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Antipoverty Effects of Unemployment Insurance

By Thomas Gabe and Julie M Whittaker

Abstract

[Excerpt] This report examines the antipoverty effects of unemployment insurance benefits during the past recession and the economic recovery. The analysis highlights the impact of the additional and expanded unemployment insurance (UI) benefits available to unemployed workers through the American Recovery and Reinvestment Act (ARRA; P.L. 111-5) and the Emergency Unemployment Compensation (EUC08) program (Title IV of P.L. 110-252). In 2011, approximately 56% of all unemployed individuals were receiving UI benefits (down from a high of 66% in 2010) and thus were directly affected by legislative changes to the UI system. UI benefits appear to have a large poverty-reducing effect among unemployed workers who receive them. Given the extended length of unemployment among jobless workers, the additional weeks of UI benefits beyond the regular program’s 26-week limit appear to have had an especially important effect in poverty reduction. Estimates presented in this report are based on Congressional Research Service (CRS) analysis of 25 years of data from the U.S. Census Bureau’s Annual Social and Economic Supplement to the Current Population Survey (CPS/ASEC), administered from 1988 to 2012. The period examined includes the three most recent economic recessions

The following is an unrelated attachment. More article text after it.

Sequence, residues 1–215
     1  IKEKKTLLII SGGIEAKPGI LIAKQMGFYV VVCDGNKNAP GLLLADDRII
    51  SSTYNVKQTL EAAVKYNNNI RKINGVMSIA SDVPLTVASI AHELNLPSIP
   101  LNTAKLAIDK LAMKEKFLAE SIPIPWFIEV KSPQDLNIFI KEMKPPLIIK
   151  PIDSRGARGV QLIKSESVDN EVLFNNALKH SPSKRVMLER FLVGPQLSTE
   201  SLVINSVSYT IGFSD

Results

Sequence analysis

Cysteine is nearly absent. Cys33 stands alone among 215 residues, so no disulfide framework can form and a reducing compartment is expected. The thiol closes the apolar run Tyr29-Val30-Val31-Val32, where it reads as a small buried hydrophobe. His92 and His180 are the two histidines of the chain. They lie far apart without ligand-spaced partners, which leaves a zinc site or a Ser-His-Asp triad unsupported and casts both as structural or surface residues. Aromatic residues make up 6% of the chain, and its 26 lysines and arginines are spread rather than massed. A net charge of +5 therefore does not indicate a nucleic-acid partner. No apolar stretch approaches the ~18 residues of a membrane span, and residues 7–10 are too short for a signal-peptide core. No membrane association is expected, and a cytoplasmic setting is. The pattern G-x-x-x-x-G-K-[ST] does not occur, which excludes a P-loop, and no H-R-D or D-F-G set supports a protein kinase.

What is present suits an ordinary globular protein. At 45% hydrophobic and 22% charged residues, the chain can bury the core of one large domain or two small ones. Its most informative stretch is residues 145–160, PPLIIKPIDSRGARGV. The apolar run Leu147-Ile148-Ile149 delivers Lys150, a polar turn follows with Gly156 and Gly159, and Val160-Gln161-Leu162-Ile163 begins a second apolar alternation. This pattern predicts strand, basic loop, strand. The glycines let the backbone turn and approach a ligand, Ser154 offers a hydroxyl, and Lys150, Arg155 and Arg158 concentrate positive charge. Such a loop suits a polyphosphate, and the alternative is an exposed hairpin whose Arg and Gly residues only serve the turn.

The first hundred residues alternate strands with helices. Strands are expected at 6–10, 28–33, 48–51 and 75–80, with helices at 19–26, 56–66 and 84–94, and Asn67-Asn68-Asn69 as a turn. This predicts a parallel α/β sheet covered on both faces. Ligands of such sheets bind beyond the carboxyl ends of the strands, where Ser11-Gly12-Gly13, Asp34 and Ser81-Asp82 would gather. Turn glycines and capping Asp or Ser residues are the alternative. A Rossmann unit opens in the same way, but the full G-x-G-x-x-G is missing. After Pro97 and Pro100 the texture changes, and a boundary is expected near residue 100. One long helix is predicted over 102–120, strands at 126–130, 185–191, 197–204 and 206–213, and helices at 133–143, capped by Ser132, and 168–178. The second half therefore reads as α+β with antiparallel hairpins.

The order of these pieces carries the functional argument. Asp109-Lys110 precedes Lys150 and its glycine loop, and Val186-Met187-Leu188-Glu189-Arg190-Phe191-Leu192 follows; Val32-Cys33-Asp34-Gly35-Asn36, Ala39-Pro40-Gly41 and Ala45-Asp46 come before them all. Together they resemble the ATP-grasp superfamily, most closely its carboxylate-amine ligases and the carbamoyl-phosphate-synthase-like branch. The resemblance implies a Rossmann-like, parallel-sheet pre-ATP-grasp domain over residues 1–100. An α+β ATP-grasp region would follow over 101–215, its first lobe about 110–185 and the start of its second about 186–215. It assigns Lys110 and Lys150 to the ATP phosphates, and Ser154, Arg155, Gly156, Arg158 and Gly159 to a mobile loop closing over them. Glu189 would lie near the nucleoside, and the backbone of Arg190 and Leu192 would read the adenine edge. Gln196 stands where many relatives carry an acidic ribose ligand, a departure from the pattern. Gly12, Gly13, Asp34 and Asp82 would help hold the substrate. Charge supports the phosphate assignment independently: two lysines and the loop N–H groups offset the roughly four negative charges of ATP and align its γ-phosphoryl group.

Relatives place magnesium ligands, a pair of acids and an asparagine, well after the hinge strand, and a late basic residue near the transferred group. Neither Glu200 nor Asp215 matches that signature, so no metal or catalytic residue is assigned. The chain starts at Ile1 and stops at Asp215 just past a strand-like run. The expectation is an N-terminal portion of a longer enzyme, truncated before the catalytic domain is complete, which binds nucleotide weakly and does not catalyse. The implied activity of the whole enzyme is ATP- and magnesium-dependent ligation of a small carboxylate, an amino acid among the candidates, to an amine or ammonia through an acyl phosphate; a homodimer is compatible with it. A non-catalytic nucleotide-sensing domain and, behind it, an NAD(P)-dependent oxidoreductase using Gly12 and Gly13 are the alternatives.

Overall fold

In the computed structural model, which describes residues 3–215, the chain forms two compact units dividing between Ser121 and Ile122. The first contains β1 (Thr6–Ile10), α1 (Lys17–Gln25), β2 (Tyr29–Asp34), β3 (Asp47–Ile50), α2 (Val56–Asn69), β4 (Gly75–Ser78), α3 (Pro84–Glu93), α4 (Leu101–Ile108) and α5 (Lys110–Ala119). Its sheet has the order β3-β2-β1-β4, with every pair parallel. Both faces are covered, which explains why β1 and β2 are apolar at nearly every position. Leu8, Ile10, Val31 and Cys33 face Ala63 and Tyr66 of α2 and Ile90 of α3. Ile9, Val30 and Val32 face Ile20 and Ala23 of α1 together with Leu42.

Topics: unemployment insurance, poverty, American Recovery and Reinvestment Act, ARRA, federal benefits
Publisher: DigitalCommons@ILR
Year: 2012
OAI identifier: oai:digitalcommons.ilr.cornell.edu:key_workplace-1970
Provided by: DigitalCommons@ILR
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